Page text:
It's another matter that ICICI has also produced another luminary-Reserve Bank of India governor Bimal Jalan was chief economist at ICICI in the mid-1970s.

But Parekh laid the foundations for ICICI while Nadkarni taught it to look beyond the highly regulated environment and tread into areas such as investment banking and leasing.

Vaghul expanded ICICI's horizon by setting up Crisil, the country's first rating agency, and ICICI Venture, the venture capital company.

He also brought in foreign joint venture partner JP Morgan for the investment banking arm and floated SCICI for infrastructure financing.

Vaghul also broke the hierarchical barriers at ICICI. He was an informal chairman, given at times to wearing slippers or sandals in office. Anybody could walk into his room, anytime. Till then, ICICI executives met the bosses at the lunch-room once a month on the sixth floor of the ICICI headquarters at 163, Backbay Reclamation.

"At the lunch, which was a monthly affair, the bosses used to discuss business. We used to hear them out, and there was no interaction, barring an exchange of pleasantries while entering and leaving," says a former ICICI executive.

Kamath-with his lateral thinking and obsession with quality-built the new ICICI. He also killed ICICI as it had outlived its time.

With the barriers between banks and institutions being pulled down, it's better to do banking by becoming a bank instead of through an institution which does not have the cost advantages. This seems to have been his theory.

Even before he formally took over from Vaghul in 1996, Kamath drafted the blueprint for the new ICICI in Jakarta in late 1995 where he was with the local Bakrie group, consolidating the conglomerate.

It was a remote-controlled exercise through e-mail. He planned the new structure of the organisation with people he knew in ICICI between 1971 and 1988, when he left ICICI to join the Asian Development Bank.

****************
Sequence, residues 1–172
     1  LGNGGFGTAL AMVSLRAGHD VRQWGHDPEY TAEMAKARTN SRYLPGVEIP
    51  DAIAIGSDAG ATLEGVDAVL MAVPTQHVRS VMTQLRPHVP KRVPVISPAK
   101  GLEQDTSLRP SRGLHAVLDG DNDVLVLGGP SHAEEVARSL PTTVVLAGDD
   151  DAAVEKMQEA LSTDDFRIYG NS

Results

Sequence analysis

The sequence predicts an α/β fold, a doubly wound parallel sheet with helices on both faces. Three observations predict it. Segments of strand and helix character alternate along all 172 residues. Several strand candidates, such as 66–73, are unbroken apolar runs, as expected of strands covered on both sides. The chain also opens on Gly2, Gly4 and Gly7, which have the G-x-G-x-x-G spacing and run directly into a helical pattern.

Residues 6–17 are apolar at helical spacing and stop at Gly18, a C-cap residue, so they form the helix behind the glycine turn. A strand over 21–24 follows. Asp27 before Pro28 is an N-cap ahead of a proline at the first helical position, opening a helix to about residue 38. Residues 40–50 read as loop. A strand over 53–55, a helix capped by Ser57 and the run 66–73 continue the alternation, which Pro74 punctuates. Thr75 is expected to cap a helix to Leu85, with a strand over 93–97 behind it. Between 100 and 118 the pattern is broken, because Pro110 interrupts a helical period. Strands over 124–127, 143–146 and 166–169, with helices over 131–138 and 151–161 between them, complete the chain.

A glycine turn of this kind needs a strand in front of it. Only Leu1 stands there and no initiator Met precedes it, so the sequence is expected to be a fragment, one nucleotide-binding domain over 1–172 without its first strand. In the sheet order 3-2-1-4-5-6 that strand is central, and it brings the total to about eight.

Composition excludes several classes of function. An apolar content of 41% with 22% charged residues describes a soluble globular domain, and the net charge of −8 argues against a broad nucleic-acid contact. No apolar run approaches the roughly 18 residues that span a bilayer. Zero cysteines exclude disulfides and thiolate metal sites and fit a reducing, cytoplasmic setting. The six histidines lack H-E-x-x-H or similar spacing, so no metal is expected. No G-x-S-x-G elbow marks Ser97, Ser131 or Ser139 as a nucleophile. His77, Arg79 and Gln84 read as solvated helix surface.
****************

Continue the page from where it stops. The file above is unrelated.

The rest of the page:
The day he took over, Kamath shifted ICICI's focus to profit alone and made all the employees accountable for all they did.

He emphasised capital, because size was important to back the risk-taking ability of a financial intermediary.

A slew of public issues at home and abroad followed. He also focused on consolidation. SCICI, Anagram Finance and ITC Classic were gobbled up by ICICI, and Bank of Madura by ICICI Bank.

Finally, in the grow-big game, child ICICI Bank killed its parent. In a changing financial world, it was the bank that could survive and not the institution.

In 1996, when Kamath took over, the size of the ICICI book was Rs 230 billion, with project financing accounting for 80 per cent of the book. Today, the new entity boasts of a book of over Rs 1,000 billion and the share of project financing has come down to 30 per cent.

Kamath has also given ICICI its retail face, with Amitabh Bachchan in every nook and cranny of the country as its brand ambassador.

ICICI and ICICI Bank share the same birthday -- January 5. Vaghul wanted to float ICICI Bank in 1994 as a division of ICICI but the Reserve Bank of India did not allow it.

Eight years later, Kamath used the vehicle to reposition ICICI.

How does he feel today?

He says philosophically that the soul lives on even though the body is consigned to flames: "The soul of ICICI lives on in the merged ICICI Bank, characterised by a will to succeed, a unity of purpose and a close-knit familial culture."